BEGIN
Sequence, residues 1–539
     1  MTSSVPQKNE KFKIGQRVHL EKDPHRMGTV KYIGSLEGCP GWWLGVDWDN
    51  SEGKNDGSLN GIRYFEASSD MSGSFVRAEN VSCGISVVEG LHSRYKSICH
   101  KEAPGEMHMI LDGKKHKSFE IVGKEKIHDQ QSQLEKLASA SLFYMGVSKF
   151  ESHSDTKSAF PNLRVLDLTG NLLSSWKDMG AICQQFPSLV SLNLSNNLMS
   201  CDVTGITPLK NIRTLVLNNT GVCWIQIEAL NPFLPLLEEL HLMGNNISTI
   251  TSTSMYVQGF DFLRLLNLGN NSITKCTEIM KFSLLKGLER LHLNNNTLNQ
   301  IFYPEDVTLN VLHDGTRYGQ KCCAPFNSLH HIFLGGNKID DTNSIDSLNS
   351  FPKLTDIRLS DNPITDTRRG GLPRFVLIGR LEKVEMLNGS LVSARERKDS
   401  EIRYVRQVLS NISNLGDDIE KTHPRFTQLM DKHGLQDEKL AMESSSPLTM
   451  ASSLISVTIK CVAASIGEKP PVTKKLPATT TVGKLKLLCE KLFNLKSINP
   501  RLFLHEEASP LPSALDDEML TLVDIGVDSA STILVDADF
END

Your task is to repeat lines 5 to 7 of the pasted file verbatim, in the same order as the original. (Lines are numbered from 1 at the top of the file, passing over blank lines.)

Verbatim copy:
   151  ESHSDTKSAF PNLRVLDLTG NLLSSWKDMG AICQQFPSLV SLNLSNNLMS
   201  CDVTGITPLK NIRTLVLNNT GVCWIQIEAL NPFLPLLEEL HLMGNNISTI
   251  TSTSMYVQGF DFLRLLNLGN NSITKCTEIM KFSLLKGLER LHLNNNTLNQ